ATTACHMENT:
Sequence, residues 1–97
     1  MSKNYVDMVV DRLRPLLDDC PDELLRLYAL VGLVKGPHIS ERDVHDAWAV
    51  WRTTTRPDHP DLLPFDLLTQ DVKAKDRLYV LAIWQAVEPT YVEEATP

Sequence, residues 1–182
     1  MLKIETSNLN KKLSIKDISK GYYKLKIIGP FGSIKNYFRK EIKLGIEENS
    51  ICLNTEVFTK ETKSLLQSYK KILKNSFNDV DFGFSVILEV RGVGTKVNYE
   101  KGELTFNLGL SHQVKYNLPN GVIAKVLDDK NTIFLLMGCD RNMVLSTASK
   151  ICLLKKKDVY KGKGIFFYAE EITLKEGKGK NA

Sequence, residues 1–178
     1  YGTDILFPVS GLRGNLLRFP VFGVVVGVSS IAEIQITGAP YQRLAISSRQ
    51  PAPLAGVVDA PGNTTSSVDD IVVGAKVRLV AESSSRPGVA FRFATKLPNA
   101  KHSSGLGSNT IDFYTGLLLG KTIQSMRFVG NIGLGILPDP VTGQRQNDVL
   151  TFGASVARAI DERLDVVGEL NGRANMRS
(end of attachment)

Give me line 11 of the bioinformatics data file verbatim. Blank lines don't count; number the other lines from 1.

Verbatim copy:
    51  PAPLAGVVDA PGNTTSSVDD IVVGAKVRLV AESSSRPGVA FRFATKLPNA